FTC Report Shows Seniors Twice as Vulnerable to Scams — Here’s What to Know
A new report from the Federal Trade Commission (FTC) reminds us just how vulnerable seniors are to scams.
In 2017, consumers ages 60 and above reported the largest individual monetary losses to fraud, according to the Protecting Older Consumers report.
Even among seniors, reported median losses increased with age. In fact, people ages 80 and above reported median losses of $1,100 — more than double the median amount reported lost by any age group under 70.
How Seniors Get Scammed
Phone calls were the most frequent method of fraud against seniors. Tech support, business imposters and sweepstakes claims were the most commonly reported scams from this age group.
Seniors were most likely to be defrauded by way of credit card payment. But they reported far greater losses when they paid scammers via wire transfer. In 2017, people ages 60 and older paid $104 million via wire transfer to fraudsters.
Here are a few of the greatest hits from recent FTC cases against scammers:
A company claimed that seniors could get grant money to pay their personal expenses like credit card debt or medical bills. Victims were charged an upfront fee and told they could get their grant money faster if they paid additional fees. The FTC is still pursuing this case.
A personalized mail scam told victims they had won or could win a big cash prize in exchange for a nominal fee. “Many people, including seniors, paid the fees several times before realizing they [had] been deceived,” the FTC noted. That case is also ongoing.
In another scam, telemarketers tricked older consumers into buying tech support they didn’t actually need.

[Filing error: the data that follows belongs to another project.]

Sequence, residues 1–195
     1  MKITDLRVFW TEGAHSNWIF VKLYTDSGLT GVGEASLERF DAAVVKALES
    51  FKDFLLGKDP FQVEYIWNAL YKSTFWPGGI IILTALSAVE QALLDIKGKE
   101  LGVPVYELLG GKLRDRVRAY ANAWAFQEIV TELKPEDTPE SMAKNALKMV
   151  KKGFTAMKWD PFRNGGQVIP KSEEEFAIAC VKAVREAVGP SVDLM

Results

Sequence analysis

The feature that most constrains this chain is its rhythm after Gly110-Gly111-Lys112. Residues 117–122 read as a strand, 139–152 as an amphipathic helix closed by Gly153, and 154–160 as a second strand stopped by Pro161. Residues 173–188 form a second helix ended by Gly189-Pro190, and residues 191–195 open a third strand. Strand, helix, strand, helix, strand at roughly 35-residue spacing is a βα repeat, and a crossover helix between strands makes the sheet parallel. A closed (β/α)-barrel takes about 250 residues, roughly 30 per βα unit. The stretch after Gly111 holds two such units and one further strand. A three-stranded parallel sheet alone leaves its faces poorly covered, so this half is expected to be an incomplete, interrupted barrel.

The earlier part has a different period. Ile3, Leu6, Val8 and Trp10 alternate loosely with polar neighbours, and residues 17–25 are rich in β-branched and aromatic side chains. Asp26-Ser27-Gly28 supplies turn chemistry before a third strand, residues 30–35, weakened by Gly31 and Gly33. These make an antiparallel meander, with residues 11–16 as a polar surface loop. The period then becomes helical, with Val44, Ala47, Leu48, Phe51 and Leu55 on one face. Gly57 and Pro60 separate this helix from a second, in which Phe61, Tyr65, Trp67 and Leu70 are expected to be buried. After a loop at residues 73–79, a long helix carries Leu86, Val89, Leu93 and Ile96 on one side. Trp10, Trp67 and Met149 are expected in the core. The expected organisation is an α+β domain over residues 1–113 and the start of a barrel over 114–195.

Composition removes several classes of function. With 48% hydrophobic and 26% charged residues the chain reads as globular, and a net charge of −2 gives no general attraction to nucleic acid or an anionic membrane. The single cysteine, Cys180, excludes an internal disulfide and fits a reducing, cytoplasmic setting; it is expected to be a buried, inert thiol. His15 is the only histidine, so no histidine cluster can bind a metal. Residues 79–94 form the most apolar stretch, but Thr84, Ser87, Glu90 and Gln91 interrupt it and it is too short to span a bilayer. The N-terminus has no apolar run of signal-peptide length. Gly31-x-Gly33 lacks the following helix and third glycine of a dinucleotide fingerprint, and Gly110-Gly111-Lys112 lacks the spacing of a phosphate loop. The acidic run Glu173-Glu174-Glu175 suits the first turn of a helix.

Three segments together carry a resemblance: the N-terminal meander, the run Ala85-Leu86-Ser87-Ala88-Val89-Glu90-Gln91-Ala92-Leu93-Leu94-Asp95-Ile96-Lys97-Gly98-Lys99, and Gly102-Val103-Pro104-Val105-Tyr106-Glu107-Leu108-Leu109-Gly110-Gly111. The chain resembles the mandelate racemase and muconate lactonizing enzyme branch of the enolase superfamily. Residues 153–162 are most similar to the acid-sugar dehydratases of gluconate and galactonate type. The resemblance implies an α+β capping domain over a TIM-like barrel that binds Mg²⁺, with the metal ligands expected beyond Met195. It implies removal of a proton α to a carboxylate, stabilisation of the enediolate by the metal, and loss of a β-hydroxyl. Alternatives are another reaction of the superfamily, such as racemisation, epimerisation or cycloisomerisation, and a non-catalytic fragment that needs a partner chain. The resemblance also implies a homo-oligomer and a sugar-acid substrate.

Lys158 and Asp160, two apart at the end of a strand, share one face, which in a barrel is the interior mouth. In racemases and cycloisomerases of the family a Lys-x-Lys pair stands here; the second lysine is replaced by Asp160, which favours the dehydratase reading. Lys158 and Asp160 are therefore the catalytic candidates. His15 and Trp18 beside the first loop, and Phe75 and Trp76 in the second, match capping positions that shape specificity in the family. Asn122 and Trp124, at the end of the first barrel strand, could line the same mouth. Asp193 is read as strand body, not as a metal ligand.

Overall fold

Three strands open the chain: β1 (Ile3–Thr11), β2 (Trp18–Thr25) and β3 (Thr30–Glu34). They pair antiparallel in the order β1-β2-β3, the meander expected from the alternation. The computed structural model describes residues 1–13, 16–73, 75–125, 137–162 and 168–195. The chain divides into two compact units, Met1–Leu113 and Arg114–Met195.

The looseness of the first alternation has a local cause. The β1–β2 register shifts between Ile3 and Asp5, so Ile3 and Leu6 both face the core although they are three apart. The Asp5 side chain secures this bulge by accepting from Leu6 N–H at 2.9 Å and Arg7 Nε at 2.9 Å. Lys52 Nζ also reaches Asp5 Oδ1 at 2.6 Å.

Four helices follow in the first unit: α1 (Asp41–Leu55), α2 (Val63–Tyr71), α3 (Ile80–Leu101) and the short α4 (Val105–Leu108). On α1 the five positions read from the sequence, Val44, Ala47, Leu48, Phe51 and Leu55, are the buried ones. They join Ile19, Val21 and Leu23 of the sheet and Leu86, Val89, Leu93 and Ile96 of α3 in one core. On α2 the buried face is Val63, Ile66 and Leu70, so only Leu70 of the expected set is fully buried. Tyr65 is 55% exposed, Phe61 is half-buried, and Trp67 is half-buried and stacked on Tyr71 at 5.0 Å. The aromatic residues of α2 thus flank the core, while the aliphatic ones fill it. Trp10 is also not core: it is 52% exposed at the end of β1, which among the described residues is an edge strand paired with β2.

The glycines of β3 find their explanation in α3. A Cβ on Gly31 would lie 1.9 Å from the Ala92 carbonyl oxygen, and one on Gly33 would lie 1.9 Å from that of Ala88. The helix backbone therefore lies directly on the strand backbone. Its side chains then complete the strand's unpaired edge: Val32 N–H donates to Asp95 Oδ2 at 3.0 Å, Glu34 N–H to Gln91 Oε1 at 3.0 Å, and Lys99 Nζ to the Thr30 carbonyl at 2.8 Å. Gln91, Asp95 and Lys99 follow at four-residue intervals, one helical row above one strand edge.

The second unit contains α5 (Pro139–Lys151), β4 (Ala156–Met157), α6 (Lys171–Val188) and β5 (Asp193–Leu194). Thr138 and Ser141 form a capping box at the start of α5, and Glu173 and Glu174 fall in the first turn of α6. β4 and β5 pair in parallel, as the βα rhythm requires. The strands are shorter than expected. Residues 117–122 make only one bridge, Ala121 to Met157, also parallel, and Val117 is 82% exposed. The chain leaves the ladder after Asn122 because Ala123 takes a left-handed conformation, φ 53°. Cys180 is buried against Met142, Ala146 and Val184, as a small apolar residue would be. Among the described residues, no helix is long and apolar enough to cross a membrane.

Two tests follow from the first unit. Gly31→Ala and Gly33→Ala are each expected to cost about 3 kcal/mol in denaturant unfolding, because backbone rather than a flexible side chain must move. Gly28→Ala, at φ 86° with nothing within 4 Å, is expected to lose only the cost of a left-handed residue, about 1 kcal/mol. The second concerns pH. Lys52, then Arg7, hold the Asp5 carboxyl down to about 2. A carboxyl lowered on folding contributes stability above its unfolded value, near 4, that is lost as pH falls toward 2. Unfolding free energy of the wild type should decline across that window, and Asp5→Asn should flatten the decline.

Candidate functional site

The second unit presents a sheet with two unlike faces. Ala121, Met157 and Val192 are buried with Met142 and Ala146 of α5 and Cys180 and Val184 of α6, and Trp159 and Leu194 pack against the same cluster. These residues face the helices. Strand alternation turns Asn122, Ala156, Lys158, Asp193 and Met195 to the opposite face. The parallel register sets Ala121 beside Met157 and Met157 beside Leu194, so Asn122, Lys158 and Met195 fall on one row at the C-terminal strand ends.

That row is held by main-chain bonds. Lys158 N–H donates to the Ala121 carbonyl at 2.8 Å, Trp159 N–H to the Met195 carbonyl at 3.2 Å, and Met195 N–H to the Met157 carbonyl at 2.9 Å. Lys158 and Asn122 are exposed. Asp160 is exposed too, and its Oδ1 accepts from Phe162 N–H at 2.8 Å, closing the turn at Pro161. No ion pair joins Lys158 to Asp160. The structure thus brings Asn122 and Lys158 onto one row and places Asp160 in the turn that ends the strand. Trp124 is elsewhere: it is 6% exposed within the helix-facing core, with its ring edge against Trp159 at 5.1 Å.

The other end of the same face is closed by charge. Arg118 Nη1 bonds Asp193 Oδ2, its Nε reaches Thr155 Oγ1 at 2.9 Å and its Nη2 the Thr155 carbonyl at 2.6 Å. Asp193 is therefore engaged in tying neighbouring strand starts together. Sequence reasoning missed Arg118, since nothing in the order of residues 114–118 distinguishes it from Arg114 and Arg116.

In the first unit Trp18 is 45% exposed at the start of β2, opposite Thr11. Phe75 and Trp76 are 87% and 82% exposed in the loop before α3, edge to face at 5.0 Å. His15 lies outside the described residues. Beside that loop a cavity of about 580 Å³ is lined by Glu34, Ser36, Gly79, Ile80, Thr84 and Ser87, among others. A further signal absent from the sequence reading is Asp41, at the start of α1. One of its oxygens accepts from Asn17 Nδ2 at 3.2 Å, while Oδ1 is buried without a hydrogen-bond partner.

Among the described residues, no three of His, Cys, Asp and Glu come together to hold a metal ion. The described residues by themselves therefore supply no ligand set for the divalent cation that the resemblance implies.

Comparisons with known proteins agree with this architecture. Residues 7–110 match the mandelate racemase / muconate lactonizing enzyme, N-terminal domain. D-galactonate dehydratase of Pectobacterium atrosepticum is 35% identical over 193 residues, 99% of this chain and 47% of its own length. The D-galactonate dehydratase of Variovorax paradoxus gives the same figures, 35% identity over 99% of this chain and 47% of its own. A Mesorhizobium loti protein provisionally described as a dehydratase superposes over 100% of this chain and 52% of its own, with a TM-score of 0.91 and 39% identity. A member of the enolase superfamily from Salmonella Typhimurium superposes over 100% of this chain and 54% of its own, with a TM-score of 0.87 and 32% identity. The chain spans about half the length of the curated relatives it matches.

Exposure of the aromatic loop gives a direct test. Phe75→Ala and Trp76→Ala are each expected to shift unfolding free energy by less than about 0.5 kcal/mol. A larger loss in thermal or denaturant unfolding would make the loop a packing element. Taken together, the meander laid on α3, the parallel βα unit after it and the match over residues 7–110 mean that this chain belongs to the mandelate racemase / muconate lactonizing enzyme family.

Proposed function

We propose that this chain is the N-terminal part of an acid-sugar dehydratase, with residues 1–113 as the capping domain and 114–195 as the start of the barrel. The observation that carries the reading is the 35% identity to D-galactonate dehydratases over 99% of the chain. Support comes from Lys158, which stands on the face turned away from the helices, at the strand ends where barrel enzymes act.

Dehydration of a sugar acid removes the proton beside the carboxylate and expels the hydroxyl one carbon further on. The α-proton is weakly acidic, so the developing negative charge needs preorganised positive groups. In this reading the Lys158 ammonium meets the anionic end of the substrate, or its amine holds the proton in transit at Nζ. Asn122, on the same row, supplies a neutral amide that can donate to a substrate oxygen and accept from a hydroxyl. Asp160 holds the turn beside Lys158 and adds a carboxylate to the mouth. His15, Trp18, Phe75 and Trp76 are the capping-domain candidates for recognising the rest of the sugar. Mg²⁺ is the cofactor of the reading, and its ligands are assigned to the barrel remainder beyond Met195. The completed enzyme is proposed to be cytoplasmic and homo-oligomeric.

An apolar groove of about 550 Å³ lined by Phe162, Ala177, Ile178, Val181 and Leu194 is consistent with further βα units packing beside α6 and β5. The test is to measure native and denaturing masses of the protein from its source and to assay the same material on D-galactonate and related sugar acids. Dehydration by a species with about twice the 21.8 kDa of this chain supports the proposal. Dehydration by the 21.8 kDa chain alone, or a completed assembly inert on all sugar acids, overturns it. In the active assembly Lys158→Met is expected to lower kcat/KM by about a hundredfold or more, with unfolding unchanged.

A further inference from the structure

But one scam might surprise you: apartment listings. The FTC identified a large-scale scam that advertised housing for low-income families, the elderly and persons with disabilities. “The FTC alleged that these claims are false or unsubstantiated and that most of the listed properties either were not available or do not accept Section 8 housing vouchers,” the FTC noted. That case is ongoing as well.
How to Protect Yourself (and Your Parents) From Scams
The old adage stands: If it sounds too good to be true, it probably is.
Remember that technology companies don’t routinely call customers about their computers. If you have a concern about a piece of technology you own, contact the company’s support desk on your own.
Received a mailer or phone call that you’ve won a prize? Keep your guard up, and don’t share your financial information. Chances are, it’s a fake.
If you’re looking for legitimate resources for housing information, tech support or financial assistance, stop by the reference desk at your local library. These experts are well-versed in sharing local, trustworthy resources with patrons.
Suspect you’ve been scammed? Don’t be embarrassed — take action to control the damage and alert others. You’ll want to report the scam to the FTC, and you may need to notify your banks, credit card issuers and credit bureaus.
Lisa Rowan is a senior writer at The Penny Hoarder.
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